The special interest group Conversation Analysis and Social Work was formed just before ECSWR 2023 in Milan. We take as our point of departure the central role of communication in social work. Social interaction is the vehicle by which social workers collect information, make and justify decisions, and provide support and reassurance. It is also by interacting that clients accept or resist social work activities. There is thus a strong need for knowledge about how communication in social work settings actually works. By enabling detailed, empirical analysis of interaction, conversation analysis offers a rigorous approach for understanding communicative social work practice, with the potential to both enhance theory and inform the development of practice.
The Conversation Analysis and Social Work (CASW) SIG has developed from an informal network of researchers that use conversation analysis to study social work interaction. Output from this group so far includes a special issue on conversation analysis and social work in Qualitative Social Work in 2022, and three online conferences, most recently in June 2023, where Juliet Koprowska gave a keynote. The conference had registrations from 22 countries and was attended by approximately 70 attendees with backgrounds in social work research, education, and practice.
Our aim with the SIG is to continue promoting collaborations and the production of high-quality research by forming an arena for sharing of ideas, collaborative analytic data sessions, reporting of current studies, and training of analytic skills. The group will also facilitate learning and professional development for PhD students and junior scholars who use conversation analysis in social work research. Finally, the group will work to develop both policy and practice by facilitating practical communication training based on conversation analytic research.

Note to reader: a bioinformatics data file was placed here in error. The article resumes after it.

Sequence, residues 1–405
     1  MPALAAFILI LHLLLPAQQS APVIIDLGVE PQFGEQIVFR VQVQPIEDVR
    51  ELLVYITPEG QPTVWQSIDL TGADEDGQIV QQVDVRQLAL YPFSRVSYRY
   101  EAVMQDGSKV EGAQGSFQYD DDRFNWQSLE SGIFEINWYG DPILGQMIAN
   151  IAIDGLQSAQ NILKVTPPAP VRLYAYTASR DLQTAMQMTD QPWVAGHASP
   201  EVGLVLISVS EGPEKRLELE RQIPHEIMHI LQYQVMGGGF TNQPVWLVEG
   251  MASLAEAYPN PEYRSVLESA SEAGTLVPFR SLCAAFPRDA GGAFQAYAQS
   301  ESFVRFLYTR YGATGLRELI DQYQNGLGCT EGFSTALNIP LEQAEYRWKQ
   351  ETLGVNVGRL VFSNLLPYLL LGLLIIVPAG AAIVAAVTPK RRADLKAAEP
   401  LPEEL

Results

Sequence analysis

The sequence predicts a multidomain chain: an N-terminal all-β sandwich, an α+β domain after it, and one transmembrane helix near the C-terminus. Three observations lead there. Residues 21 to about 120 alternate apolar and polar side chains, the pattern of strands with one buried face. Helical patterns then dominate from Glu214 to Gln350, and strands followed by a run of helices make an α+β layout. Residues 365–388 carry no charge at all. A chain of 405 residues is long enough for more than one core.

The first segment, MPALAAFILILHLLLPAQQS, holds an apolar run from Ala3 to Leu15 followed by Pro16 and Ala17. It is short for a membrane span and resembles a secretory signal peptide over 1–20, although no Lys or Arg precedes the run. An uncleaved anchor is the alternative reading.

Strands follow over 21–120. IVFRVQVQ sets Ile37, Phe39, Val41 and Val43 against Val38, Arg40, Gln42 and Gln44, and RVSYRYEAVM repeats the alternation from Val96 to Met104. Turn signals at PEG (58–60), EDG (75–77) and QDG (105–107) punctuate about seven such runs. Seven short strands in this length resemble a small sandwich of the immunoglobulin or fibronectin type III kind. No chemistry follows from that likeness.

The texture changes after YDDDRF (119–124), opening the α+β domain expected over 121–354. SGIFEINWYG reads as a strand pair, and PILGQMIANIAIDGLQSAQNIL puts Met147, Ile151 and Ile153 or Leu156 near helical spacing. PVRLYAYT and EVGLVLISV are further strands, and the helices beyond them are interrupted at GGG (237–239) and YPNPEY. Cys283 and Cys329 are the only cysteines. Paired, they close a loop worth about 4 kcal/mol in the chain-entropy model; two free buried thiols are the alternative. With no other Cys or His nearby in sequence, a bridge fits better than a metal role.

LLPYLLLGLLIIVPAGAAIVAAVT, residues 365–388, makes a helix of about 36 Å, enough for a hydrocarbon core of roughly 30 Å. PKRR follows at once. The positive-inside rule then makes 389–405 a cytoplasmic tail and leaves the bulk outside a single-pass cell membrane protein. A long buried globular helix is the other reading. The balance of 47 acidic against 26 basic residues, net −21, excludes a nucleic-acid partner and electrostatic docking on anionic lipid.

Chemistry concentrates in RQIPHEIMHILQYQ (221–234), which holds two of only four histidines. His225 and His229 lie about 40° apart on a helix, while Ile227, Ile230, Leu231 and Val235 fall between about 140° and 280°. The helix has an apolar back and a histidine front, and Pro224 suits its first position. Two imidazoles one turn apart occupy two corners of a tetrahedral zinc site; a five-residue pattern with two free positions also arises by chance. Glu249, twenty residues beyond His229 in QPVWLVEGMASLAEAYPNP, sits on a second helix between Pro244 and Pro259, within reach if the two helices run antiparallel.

The CASW team
Convenor and chair
David Wilkins, Cardiff University, UK, WilkinsD3@cardiff.ac.uk
Steve Kirkwood, University Edinburgh, UK, firstname.lastname@example.org
Sabine Jørgensen, University College Southern Denmark, Denmark, SAJO@ucsyd.dk
Karin Osvaldsson Cromdal, Linköping University, Sweden, email@example.com
Marie Flinkfeldt, Uppsala University, Sweden, firstname.lastname@example.org
Clara Iversen, Uppsala University, Sweden, email@example.com
Eric Laurier, University of Edinburgh, UK, Eric.Laurier@ed.ac.uk
Marc Alexander, Heriot-Watt University, UK, firstname.lastname@example.org
Eve Mullins, University of Edinburgh, UK, email@example.com